Globalization has turned out to be one of the most controversial topics of our time. It is almost impossible to conclude a debate without touching upon at least one aspect of globalization. Moreover, it is not an easy job to make a comprehensive and adequate definition of it that leads to overselling of this term. Notwithstanding the definitional ambiguity, there is more or less consensus on what economic globalization is: It briefly refers to the abolishment of customs and trade barriers, the surge in technological developments and knowledge, the widespread liberalization and integration of financial markets, and the movements in labour markets (Figure-1)
Arguably, the most dynamic and unstable part of economic globalization is the financial side of the story. The recent financial crises have clearly demonstrated this fact, and proved that the deterioration in the financial system has the potential to plunge the overall economy into a crisis, per se. For instance, the perversion of the financial globalization had caused huge economic meltdown in Mexico and South Korea even these countries have solid macroeconomic fundamentals at the very beginning of the crises. For example, before the crisis in Mexico, the inflation fell from 130% in 1987 to 7% by 1994; economy was growing at an annual rate of 4.4%; while the government budget was -0.7%. The only problem was the current account deficit with 7.2% of GDP. The uncontrolled and very fast liberalization of the Mexican financial system has paved the way to full-fledged financial crisis. These and the similar other crises brought up one important point into the agenda of world economy: What are the risks associated with capital market liberalization, and in which ways: Continue reading
By Ali Cheema
THE emphasis on eliminating poverty through the pursuit of social justice in the prime minister’s hundred-day programme is a welcome change from President Musharraf’s policy, which favoured the trickle-down recipe of poverty alleviation.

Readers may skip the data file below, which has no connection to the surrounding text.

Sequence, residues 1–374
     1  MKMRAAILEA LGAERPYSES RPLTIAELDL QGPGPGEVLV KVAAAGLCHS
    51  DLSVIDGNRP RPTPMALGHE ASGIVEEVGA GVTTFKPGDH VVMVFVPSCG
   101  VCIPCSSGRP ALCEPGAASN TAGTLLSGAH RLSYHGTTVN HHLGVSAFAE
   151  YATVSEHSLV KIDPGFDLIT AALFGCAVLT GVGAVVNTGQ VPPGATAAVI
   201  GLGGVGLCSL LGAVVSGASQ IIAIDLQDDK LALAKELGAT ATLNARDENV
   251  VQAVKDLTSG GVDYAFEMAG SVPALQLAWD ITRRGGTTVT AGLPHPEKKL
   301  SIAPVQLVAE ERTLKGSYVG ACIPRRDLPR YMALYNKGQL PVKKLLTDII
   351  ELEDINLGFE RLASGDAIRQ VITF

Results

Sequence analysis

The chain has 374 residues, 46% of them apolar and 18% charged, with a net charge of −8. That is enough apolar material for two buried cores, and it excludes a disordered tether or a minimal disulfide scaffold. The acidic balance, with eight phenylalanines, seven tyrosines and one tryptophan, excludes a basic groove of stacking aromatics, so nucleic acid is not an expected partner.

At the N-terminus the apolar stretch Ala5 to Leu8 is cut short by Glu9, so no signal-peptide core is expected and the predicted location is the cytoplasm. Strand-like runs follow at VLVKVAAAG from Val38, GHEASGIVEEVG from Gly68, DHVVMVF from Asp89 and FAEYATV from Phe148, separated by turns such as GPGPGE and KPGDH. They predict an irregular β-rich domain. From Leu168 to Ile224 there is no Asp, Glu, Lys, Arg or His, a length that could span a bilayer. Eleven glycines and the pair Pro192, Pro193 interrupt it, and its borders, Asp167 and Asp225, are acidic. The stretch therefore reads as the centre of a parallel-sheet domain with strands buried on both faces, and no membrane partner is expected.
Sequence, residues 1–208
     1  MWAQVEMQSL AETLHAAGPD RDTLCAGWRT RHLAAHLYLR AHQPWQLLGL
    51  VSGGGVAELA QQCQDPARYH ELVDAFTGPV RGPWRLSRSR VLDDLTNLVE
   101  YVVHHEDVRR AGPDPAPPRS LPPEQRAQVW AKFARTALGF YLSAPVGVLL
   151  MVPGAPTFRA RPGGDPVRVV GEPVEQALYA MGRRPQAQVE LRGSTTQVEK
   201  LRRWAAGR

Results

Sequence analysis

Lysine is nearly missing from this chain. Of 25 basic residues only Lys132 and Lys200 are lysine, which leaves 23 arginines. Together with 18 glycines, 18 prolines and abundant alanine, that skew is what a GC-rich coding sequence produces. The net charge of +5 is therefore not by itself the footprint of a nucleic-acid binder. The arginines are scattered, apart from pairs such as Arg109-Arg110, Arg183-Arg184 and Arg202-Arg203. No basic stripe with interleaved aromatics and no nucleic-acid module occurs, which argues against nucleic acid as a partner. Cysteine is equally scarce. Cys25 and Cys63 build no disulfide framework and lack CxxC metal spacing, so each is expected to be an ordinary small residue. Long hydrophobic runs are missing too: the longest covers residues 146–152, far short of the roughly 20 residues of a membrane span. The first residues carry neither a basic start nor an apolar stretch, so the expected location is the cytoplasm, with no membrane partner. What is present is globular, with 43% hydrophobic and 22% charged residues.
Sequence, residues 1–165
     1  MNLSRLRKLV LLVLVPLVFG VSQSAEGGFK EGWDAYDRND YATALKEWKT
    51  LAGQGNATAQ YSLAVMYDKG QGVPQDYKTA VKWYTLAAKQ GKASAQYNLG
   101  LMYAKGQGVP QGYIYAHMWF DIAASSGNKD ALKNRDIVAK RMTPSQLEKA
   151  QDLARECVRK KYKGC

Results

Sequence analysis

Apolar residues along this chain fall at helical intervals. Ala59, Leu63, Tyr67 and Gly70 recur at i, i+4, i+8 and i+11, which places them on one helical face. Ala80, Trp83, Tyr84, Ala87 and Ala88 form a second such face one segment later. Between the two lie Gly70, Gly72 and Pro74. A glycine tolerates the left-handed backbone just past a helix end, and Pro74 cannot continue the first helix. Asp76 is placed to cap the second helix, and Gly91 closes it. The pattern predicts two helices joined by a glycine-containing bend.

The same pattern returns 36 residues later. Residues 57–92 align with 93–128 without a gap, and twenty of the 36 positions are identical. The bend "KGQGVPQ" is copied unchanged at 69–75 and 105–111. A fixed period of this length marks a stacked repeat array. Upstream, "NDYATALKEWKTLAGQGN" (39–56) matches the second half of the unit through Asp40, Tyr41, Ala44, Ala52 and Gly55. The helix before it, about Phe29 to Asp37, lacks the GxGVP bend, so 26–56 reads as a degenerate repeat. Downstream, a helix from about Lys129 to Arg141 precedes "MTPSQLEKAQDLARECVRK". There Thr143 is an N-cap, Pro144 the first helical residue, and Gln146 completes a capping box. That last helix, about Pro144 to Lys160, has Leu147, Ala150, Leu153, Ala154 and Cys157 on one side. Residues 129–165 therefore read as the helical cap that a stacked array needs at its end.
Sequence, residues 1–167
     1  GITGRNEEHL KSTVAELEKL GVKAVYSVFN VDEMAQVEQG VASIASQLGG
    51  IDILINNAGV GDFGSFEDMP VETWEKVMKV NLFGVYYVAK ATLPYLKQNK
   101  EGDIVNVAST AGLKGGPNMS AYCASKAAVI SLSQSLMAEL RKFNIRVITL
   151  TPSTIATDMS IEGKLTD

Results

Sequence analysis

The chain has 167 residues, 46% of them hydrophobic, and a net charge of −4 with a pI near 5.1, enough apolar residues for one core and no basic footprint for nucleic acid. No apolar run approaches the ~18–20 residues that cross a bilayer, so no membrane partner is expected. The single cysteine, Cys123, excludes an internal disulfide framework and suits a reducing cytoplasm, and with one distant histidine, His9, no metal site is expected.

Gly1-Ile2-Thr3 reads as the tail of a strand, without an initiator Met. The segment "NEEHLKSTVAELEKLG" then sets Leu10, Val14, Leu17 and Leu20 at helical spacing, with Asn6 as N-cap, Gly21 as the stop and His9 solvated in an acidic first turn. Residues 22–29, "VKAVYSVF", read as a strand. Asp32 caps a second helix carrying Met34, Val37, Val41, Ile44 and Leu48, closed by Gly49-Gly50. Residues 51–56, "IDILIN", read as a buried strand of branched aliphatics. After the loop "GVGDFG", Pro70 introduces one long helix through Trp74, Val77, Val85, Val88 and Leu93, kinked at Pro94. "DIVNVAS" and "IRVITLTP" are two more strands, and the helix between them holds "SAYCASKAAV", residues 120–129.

The previous regime’s erstwhile economic gurus went about the business of calculating the percentage decline in mean poverty in relation to the increased rate of growth, which became its battle cry. The much-advertised official verdict was that poverty in Pakistan had declined by over 10 per cent in the last four years.
The merits and demerits of the official calculations notwithstanding (the veracity of the official calculations is subject to intense debate), by becoming obsessed with average reductions the previous regime’s policy approach to poverty failed to develop an appreciation of the deep structural constraints impacting poverty in Pakistan.
These structural constraints impact poverty in a number of ways. Their primary impact is the tremendous variation in household poverty that is caused at the district and sub-provincial level. These constraints have resulted in the creation of high-poverty districts that are stuck in ‘poverty traps’, where endemic poverty is persistent over the long run. The socio-economic channels through which growth ‘trickle down’ is said to happen remain extremely fragile in these districts. That is, growth alone has not and will not deliver in these districts. Continue reading
World Bank’s advice
While the new government is learning to walk, the World Bank (WB) has warned it to watch its steps on its way to economic stability. The WB has advised the new government of Pakistan to carry out economic reforms and make quick adjustments to steer clear of an economic crisis. The reminder to keep in view the economic aspect while making policies came from Praful Patel, WB vice president, at the end of his three-day visit to Pakistan. Patel’s word of caution reflects his concern that Pakistan is likely to miss targets of fiscal deficit, current account deficit, inflation, and foreign exchange reserves. Patel has observed that there is no crisis at the moment but he believes that the economic indicators of Pakistan are not a good omen for the future economic picture of the country. According to Patel, the economic growth Pakistan had seen over the past few years, in addition to foreign direct investment and remittances, could be maintained only if the government had adjusted to the global prices of oil and wheat. Patel’s saying that since re-adjustments in the economy would be painful “there must be an appropriate safety net for the poor” should be heeded to. This is not the first that IFIs have painted a bleak picture of Pakistan’s economy in terms of achieving its economic goals. According to the WB’s and Asian Development Bank’s (ADB’s) projections, Pakistan’s economy will not be able to meet its target of 7.2 percent GDP growth rate in the year 2008. Continue reading